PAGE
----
Dead Weight has changed our family dynamic considerably, both on and off trail, most so than any other child, with the exception of the first kid coming into our lives. The logistics also changed drastically, with additional layers of complexity, challenge, expense, weight and safety thrown in. 

But in the end, I suspect we will keep her. She’s pretty cute, if somewhat foppish. We will plan on her being our motivating alarm clock on the PCT every morning. But she’s our biggest wildcard. The other kids have proven they are capable of schlepping heavy packs long distances for months on end and enjoy it.

Ain’t life grand? It’s hard to beat joy like this. Day One on the CDT.

But now that Dead Weight loves to walk, will she be content to ride in the kid carrier, no matter how plush the Osprey Poco Plus may be? Or will she want to walk, albeit at a pace that won’t finish the trail? Will she just want to sit in the dirt and play? Or maybe some other family member could be injured, or a distant family member fall ill. There are so many wrenches that can be thrown into the gears of a thru-hike when your tramily has seven members, one of them only 20 months old. But we will give it a shot and have fun. And if it isn’t fun, we will find something that is.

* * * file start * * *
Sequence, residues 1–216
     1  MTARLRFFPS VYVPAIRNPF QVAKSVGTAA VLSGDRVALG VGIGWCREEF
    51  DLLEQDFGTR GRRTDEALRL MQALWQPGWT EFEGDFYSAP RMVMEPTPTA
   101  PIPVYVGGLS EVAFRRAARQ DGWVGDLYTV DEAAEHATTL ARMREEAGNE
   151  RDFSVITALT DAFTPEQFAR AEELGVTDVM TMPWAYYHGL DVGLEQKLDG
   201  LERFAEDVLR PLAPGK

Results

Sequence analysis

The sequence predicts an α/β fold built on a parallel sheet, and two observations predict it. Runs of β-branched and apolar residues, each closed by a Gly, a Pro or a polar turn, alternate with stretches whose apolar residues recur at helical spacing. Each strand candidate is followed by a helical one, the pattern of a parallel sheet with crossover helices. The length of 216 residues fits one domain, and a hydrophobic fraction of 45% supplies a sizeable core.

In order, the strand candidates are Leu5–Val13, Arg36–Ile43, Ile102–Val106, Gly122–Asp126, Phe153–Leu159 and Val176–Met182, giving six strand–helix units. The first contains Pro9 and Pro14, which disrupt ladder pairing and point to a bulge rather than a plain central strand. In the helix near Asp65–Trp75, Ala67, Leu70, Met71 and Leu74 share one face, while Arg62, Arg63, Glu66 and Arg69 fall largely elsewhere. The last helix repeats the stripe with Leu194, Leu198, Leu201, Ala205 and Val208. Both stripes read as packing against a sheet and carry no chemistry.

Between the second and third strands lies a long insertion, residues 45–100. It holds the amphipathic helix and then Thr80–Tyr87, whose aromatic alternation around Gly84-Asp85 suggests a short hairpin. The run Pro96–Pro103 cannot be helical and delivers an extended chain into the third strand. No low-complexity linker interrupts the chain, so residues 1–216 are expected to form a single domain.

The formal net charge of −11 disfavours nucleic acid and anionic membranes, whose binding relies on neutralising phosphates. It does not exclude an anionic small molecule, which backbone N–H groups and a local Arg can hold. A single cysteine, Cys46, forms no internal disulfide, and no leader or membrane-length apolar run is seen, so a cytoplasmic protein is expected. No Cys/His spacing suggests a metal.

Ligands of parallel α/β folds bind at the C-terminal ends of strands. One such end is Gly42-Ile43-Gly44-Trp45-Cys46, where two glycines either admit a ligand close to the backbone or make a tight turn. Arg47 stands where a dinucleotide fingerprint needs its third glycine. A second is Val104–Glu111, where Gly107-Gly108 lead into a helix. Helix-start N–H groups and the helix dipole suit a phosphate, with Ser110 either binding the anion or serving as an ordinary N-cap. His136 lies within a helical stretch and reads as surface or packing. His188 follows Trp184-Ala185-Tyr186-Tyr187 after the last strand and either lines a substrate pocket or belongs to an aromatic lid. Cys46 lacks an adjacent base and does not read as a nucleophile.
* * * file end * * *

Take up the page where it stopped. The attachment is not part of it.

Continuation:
So here’s to you, Dead Weight. May the next trail with you be as fun as the first was. Keep smiling… keep pooping in the toilet… stay warm and dry and well-rested and well-fed… and Daddy will always be there to pick you up… and your trekking pole.

Dead Weight as an eight-month-old at the Mexican boarder.

For the write-up of The (record-setting) Beast, click here…

Affiliate Disclosure

This website contains affiliate links, which means The Trek may receive a percentage of any product or service you purchase using the links in the articles or advertisements. The buyer pays the same price as they would otherwise, and your purchase helps to support The Trek's ongoing goal to serve you quality backpacking advice and information. Thanks for your support!

To learn more, please visit the About This Site page.

Comments 7

  • Tracey : Mar 21st

    I sometimes provide Trail Magic on the Hat Creek Rim. Hope I am out there when you guys come through. Best of luck and be safe on your journey.

  • P : Mar 23rd

    Great posts! Thanks for writing them!
    With Queen Bee shown sporting a butterfly on her cap and Dead Weight having a mosquito on her forehead, though, it doesn’t seem fair.
    Go Fam!

    • The Family : Mar 31st



What Do You Think?